Campaign Finance & Election
Campaigns should be open and free, not prone to manipulation through government financing schemes. And now the U.S. Supreme Court agrees.
TUCSON, Ariz. (AP) - Phoenix is a bad word to some candidates for governor, especially when they're on a podium in Arizona's second largest city.
Candidates took more shots at Arizona's most populous city than each other during a Tuesday evening candidate forum sponsored by the Tucson Citizen and the Goldwater Institute, a conservative think tank in Phoenix.
Democratic gubernatorial candidate Alfredo Gutierrez said he would abolish the state schools facilities board and take a hammer to tax loopholes and giveaways.
Gutierrrez spoke at a debate last night at the Marriott University Park hotel sponsored by the Tucson Citizen and the Goldwater Institute that featured all 10 candidates for governor.
It is ironic that Arizona's Clean Elections law has been responsible - directly and indirectly - for a good deal of dirt slung in the primary election campaign.
When voters approved the law four years ago, Clean Elections was touted as a revolutionary idea that would remove the power that large-money donors supposedly held over those elected to state offices.
U.S. Reps. John Shadegg and Jeff Flake, stalwart conservative Republicans from separate areas of the Valley, filed Monday for re-election.
Unless GOP opposition materializes before the filing deadline of 5 p.m. Wednesday, the two will be unopposed in the Sept. 10 primary. Dusko Jovicic, who announced he would run against Shadegg, is now aiming for the seat being vacated by the GOP's Bob Stump.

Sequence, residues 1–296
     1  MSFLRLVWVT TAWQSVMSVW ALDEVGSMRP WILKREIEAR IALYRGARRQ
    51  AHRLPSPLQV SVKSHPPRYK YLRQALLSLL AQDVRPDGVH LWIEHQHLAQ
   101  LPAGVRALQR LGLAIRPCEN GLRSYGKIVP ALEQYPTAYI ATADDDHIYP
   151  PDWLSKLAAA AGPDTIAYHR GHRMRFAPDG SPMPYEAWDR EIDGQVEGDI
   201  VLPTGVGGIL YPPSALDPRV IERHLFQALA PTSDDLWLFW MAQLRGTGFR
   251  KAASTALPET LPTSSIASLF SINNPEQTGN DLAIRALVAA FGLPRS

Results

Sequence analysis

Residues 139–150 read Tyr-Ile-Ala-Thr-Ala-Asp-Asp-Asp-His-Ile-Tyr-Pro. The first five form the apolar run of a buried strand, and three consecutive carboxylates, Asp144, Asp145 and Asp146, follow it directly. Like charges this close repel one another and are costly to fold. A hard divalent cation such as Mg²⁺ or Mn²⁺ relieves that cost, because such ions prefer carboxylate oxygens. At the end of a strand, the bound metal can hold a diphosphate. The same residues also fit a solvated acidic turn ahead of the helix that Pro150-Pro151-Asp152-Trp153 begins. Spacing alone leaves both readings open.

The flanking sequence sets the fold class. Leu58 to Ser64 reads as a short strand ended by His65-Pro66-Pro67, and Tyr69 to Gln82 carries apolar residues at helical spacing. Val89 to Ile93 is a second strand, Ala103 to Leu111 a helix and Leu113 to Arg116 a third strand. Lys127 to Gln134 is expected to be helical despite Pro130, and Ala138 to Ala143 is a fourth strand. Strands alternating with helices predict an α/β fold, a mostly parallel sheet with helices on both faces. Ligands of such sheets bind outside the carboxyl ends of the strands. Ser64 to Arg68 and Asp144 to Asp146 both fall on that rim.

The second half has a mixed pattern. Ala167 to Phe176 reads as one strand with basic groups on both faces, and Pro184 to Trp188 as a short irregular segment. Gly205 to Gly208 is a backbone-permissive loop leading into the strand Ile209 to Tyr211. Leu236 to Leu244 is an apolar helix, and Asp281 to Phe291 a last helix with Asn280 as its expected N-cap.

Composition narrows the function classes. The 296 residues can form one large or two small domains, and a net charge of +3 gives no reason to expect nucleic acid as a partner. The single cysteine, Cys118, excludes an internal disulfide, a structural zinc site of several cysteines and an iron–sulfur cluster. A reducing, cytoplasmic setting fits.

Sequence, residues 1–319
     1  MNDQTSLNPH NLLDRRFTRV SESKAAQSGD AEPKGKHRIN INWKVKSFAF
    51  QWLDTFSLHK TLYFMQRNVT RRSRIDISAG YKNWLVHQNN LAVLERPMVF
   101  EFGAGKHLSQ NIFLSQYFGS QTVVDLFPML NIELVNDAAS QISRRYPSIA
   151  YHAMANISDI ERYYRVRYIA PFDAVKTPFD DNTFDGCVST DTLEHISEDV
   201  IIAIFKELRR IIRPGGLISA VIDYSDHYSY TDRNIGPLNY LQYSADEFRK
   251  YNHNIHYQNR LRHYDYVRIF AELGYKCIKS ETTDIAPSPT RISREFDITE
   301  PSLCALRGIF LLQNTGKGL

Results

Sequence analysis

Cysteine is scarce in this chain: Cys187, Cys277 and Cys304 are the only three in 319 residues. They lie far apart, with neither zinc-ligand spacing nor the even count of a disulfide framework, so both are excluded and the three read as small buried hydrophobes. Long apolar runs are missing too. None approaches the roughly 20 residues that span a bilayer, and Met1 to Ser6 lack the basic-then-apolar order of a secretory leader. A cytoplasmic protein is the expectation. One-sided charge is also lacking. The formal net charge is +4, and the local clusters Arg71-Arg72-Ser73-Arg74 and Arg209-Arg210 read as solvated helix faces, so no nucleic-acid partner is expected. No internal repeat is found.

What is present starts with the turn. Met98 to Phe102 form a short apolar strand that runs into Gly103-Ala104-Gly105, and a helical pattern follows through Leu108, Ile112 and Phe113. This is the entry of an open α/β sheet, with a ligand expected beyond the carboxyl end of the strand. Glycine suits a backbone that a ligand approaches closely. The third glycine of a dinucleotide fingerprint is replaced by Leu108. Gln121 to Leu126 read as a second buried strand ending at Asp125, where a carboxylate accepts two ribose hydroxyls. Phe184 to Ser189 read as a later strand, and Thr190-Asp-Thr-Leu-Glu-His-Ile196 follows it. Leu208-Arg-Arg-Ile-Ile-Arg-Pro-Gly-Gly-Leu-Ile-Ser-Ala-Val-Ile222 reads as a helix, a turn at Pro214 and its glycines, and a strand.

John O'Donnell taught high school for 28 years and became more and more disenchanted with Arizona's beleaguered educational system.
The Cottonwood resident wanted to get into state politics to help revamp public schools, but he didn't feel comfortable asking people for lots of money to bankroll his campaign. So O'Donnell, like hundreds of incumbents and political newcomers, is using the state's new program of publicly funding candidates.
Citizen Staff Report
All 10 candidates for Arizona governor will participate in a forum here Aug. 20 co-sponsored by the Goldwater Institute of Phoenix and the Tucson Citizen.
The forum is free and open to the public. It will be held at the Marriott University Park hotel, 880 E. Second St., from 6:30 to 8:30 p.m.
Four Democrats, three Republicans and two Libertarians and an independent are running to succeed Gov. Jane Hull.
Now that the Iowa caucuses are over, can we finally have a sensible discussion about the federal governments obsession with ethanol?
Anti-immigration conservatives are subjecting U.S. Sens. Jon Kyl and John McCain to blistering attacks over their pivotal role in the comprehensive immigration bill currently on life support in Congress. But if they get their way and the bill dies, so too may Republican electoral prospects for the foreseeable future.
PHOENIX- On the heels of having its earlier campaign finance system declared unconstitutional, the Albuquerque City Council is sending the "Open and Ethical Elections Code" to a citywide ballot.
If adopted, the law would create a system for publicly financing mayoral and council campaigns.
What's in a name? Everything, if it's on the ballot.
In 1998, Arizona voters narrowly approved a measure called Clean Elections. After all, who wants "dirty elections"? Only 8 percent of voters knew the measure would force taxpayers to pick up the tab for politicians' campaigns. Fortunately, Arizona voters will get a second chance. This week, the aptly named committee "No Taxpayer Money for Politicians" started gathering signatures to qualify a proposal for the 2004 ballot to end this unjust law. Where do we sign up?